@LaSolitaDomenica you are not saying my point...
I try to explain more rationally than I can...
if you do that it is because you feel inferior to me while playing (inferior brain capacity...it is supposed to be provoking which looks like it worked)
if you feel you are better than me...then rather than looking for exchange every piece you try to develop your game and use your superiority in pieces in order to checkmate me...
if you chose to exchange everything...I manage to recover my inferiority you are going to lose in 99% of possibilities and there is the why: you are scared of me, you feel inferior, so you exchange everything in order to take a safe win by your side...but now plans are changed...only one thing is remained the same...you are still scared of me...now more...you are going to lose
How did you reach the conclusion that any lower rated player who gets an advantage against you is “scared”?
Rather, what I feel when I get an advantage against a higher rated player is determination, determination to press my advantage into a win, by any means necessary. If I was “scared”, it was before I gained the advantage, not after.
So no, I don’t see your point. Why are you here? Why are you annoyed about players trying their best to win against you?
I know what the OP is saying...when people are a piece up, especially against a stronger player who has blundered a piece, they can be in too much of a hurry to trade off, thereby compromising their position and allowing their opponent back into the game.
Obviously, though, both piece blunders and subsequent hurried attempts to trade queens are just symptomatic of patzer chess ;)
But what OP was complaining about in the original post was literally players being up a piece and exchanging until OP has nothing but pawns left and the player has an extra piece. He’s complaining about losing rather than lower rated players getting good positions and then compromising them.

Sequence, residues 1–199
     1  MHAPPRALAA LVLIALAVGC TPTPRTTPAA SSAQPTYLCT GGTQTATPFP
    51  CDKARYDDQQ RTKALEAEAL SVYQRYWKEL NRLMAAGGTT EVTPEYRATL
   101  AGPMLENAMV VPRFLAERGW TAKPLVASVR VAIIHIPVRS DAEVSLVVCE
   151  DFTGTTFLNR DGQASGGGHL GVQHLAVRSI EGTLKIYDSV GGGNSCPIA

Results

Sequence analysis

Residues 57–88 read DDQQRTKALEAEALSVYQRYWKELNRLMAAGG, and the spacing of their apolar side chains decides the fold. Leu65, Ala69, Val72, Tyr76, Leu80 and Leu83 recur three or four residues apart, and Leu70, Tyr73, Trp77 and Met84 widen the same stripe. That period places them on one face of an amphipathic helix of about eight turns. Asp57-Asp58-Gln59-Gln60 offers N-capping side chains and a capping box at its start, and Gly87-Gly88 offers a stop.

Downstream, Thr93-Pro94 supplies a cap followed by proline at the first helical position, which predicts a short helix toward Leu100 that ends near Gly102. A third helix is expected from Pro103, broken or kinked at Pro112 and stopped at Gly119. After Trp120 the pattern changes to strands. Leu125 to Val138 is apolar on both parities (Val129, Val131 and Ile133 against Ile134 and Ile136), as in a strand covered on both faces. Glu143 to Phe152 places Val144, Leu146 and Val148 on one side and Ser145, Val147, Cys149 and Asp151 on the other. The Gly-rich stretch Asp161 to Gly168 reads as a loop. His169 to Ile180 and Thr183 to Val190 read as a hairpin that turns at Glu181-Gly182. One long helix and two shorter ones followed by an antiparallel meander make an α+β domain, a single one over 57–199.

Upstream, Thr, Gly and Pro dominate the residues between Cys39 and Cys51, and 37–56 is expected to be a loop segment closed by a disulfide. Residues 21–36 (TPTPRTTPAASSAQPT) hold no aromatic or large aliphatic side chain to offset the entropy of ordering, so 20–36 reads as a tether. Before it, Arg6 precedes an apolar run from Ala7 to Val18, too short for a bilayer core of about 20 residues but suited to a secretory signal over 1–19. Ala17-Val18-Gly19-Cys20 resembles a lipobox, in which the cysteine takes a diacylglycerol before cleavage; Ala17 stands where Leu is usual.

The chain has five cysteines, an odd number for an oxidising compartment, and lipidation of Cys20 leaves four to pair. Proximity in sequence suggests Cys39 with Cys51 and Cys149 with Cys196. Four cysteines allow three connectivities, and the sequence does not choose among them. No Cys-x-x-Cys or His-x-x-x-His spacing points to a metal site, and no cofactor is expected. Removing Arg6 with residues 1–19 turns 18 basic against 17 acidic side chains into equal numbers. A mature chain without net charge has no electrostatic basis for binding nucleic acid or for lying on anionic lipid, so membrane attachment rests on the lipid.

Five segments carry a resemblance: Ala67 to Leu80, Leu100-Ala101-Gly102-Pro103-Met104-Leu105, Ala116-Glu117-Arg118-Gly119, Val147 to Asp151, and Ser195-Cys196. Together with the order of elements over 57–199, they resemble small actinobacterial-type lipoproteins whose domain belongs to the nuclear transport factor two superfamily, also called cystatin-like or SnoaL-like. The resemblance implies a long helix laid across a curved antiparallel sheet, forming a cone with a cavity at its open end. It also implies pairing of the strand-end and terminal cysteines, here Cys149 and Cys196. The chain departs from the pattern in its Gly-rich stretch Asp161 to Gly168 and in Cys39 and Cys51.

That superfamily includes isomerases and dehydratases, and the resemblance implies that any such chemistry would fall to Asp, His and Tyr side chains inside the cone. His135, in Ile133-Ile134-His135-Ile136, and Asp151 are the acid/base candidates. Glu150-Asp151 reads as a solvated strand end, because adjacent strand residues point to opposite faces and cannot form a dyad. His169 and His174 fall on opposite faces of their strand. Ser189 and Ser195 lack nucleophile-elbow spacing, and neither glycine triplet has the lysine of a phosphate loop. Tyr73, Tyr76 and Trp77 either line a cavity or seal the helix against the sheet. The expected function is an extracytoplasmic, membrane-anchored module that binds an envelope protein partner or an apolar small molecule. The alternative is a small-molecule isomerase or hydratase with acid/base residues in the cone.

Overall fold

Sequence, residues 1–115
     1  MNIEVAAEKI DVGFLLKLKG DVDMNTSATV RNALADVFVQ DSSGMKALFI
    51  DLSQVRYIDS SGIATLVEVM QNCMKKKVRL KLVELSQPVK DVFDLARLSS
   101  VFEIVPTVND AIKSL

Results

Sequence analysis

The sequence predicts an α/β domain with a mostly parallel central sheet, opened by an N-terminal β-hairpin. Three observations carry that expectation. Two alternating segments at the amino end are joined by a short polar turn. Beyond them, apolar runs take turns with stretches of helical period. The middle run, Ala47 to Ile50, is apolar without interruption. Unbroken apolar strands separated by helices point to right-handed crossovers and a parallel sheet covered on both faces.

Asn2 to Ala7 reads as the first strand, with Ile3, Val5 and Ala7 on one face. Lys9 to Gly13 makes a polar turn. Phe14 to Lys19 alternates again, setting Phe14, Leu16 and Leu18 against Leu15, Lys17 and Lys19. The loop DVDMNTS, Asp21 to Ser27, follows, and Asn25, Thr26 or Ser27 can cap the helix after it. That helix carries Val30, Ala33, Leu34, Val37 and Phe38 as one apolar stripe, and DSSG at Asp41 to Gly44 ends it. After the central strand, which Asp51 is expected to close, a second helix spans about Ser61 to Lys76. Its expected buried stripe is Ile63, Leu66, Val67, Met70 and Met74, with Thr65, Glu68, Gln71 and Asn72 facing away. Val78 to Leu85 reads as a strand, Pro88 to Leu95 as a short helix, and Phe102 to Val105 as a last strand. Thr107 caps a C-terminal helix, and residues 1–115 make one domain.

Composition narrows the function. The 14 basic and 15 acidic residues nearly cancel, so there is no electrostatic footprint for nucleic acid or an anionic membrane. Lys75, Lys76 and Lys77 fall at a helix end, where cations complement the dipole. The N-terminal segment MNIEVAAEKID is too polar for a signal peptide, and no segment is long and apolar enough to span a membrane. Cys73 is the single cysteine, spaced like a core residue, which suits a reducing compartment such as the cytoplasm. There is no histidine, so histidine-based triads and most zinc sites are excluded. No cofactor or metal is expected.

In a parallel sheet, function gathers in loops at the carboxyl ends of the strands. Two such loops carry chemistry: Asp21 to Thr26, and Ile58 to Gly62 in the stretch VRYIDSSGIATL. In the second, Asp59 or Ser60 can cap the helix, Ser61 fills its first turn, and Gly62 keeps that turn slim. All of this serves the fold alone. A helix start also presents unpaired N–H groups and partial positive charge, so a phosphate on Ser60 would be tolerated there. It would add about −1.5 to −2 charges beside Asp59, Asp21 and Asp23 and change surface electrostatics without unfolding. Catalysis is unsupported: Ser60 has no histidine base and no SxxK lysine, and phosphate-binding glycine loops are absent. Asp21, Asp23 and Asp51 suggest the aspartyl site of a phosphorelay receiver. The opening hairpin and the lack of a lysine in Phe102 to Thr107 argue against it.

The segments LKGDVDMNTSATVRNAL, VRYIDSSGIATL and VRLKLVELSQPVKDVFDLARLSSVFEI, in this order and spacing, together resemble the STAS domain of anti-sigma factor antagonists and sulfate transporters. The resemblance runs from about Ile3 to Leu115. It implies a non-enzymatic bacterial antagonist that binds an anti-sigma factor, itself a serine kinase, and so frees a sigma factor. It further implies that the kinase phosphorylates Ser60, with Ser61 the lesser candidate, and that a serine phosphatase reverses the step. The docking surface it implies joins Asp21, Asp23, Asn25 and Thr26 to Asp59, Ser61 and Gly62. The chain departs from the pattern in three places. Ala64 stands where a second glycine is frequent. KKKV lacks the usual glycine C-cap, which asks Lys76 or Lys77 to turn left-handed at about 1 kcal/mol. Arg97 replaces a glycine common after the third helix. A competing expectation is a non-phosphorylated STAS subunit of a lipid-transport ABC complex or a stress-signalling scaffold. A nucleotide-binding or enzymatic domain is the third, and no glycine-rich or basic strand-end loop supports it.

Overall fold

@AcademicNinja99 One thing I notice from coaching kids is that a common form of inaccurate play is, when they are a piece up, they seek to trade off (because *on the whole* it is a good idea when winning) regardless of whether or not it improves their winning chances. So they trade off their good pieces for their opponent's bad ones, or instead of completing an attack and checkmating in five moves they trade off to an endgame, etc. It is this sort of play that I take the OP as referring to.
@LaSolitaDomenica if they are of such "inferior game capacity", how do you end up down a piece in the first place?
@AcademicNinja99 "Why are you here? Why are you annoyed about players trying their best to win against you?"
It makes his fragile ego feel better to try to insult people when he loses instead of admitting he was outplayed.
I watch Hikaru Nakamura and Eric Rosen a lot on Twitch and when playing odds games they both suggest to the other player that when you have piece advantage, start trading off pieces so that you maximize your advantage. Not blundering, but sensible trades. Being up a rook in the beginning is totally different than being up a rook in the endgame although in both instances you are up a rook.
Oh, that’s good to know, so people who exchange when up in material aren’t just “sad people” like OP claims they are. There is actually a good reason behind doing that, which I did say was simplifying the position so it’s less likely to lose your advantage.
@AcademicNinja99 I totally agree with you. Many people do it because its a winning strategy as long as you make even trades and don't blunder.
Some people speak because they feel they have something to say.
Some people speak because they feel they have to say something.
"it does offen happen that people with inferior game capacity when they are down of a piece looks like every single thing they do is moan about forcing exchanges of other pieces because they cannot play an endgame with a figure against pawns...so sad those persons"
There, fixed it for you.
Why does a football team, when they are a goal ahead late in the second half, drop into a defensive formation? [Sometimes called "parking the bus in front of the goal"] Because they want to win, and that is the best plan.
Sure, it's frustrating to be forced to trade pieces when down material. It is your opponent's job to frustrate you.
Two masters were playing a game. One got exasperated by his opponent's unusual moves. Finally he blurted out, "Excuse me. I'm trying to play the Ruy Lopez. What are you playing?" Sometimes the other guy just won't cooperate with your plan.